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mandate. reticular leak, inflation. -- particularly inflation. the latter part has been a problem. somethingommunicate to the markets reassuring without locking the fed in. it got general kudos from the people here. mike, we have a new bloomberg survey out. can you tell us about the findings of that? mike: there has certainly been a change in the way the markets and economists who report to bloomberg has seen the economy. being therade wars base case going forward, there has been a rush to change the view of the economy to lower growth estimates, suggesting the fed will be cutting rates. people that were buying into the , the patient's
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argument, they say the fed will be cutting rates. it is a question of when. jay powell did not promise a rate cut. but if necessary, they will go forward. the question is, do we have a trade war with mexico? the mexican president said they thought they would reach a deal. president trump said he didn't think so. we did that leave jay powell? as longl watch and wait as they can before they have to pull the trigger on anything. fedy ahn: if we do see a rate cut, with that be enough to reverse the damage that has already been done on business sentiment, confidence, and economic growth going forward? there is a general feeling that it won't. that it would put a floor under things. the confidence has been damaged significantly because they don't know what will happen next. supposedly mexico and canada ratified the new nafta agreement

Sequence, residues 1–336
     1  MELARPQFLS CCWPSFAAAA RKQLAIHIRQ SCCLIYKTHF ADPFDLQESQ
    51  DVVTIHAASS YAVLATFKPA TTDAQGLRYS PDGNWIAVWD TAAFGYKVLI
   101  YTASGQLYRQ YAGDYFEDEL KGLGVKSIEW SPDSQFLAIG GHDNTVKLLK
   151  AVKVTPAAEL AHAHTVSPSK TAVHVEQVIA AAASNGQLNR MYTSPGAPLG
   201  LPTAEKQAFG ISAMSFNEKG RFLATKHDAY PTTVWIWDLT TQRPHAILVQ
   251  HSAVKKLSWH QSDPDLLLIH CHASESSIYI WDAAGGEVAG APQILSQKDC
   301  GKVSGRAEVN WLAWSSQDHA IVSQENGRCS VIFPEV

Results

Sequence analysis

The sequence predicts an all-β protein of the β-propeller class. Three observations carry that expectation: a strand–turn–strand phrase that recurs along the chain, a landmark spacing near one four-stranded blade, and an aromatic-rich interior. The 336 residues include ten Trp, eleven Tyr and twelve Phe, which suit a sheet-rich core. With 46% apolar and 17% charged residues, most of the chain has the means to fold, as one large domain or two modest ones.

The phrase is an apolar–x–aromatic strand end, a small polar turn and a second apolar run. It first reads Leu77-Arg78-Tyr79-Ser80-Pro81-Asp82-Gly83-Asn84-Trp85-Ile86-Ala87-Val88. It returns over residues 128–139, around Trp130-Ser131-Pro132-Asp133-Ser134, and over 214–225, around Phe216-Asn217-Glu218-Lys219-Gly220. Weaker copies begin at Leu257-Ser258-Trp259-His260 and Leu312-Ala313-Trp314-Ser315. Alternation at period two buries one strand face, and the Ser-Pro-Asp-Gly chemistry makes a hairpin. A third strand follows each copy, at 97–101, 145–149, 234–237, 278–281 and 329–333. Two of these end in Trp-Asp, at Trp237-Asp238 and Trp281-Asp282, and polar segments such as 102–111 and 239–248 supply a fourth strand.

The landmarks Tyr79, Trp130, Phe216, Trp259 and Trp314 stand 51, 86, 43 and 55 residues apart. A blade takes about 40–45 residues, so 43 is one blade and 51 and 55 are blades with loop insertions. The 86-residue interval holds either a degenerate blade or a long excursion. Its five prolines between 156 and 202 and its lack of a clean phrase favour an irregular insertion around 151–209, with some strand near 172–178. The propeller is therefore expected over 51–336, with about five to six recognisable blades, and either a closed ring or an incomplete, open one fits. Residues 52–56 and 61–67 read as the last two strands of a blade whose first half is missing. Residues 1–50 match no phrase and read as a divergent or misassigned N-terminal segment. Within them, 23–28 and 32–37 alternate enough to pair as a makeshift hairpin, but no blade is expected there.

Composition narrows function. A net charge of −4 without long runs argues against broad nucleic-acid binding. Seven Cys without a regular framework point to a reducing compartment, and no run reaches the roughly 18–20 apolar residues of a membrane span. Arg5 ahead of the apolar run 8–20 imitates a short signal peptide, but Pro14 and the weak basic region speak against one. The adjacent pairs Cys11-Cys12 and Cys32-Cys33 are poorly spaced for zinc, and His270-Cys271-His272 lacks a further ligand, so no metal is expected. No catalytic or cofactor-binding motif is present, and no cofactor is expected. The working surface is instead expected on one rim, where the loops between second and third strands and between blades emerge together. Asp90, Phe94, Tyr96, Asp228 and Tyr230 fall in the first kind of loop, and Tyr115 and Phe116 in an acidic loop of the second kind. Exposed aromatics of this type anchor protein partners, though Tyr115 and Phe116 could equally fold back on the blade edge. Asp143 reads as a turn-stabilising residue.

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but then the president decides to put tariffs on. there may be some long-term hesitation on the time of companies to really ramp up investing. it will probably reassure the that it won't fall off too much. shery ahn: we have seen a sign of weakness. , the pmirldwide contracting as well. what is the feeling about global co will thewth in a external -- economic growth? will the external headwinds affect policy? mike: there is the feeling that external headwinds will affect policy. and with the decline in the global pmi, there is a feeling that this may be reminiscent of 2015 when we saw global
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slumps without being recorded as one. you saw a lot of capex and hiring go away. keep an eye out for that. we don't think that we are there yet. response in china and in other areas that may need it, maybe the u.s. at some point would keep us from going down that road again. shery ahn: bloombergs mike mckee joining us in chicago. let's get a quick check of the latest business flash headlines. the board will beat again on wednesday after failing to make a decision on the proposed .erger with fiat chrysler they discussed the plan amid resistance from longtime partner nissan. if he was a 50-50 combination under a -- fiat chrysler wants a 50-50 combination.
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ceo should be prosecuted along with carlos ghosn for financial misconduct according to a report filing in tokyo. this falls under japanese laws that allow citizens to consider charges against an individual or organization. covers someceo alleged crimes. he denies wrongdoing. byomberg is being examined u.s. tax authorities and says the potential tax charges in a number of key markets could change the focus of the inquiries. this concerns the transaction of goods and services. ofs result in fines accused shifting and come to lower tax jurisdictions. taxhifting income to lower jurisdictions. for more on jay powell's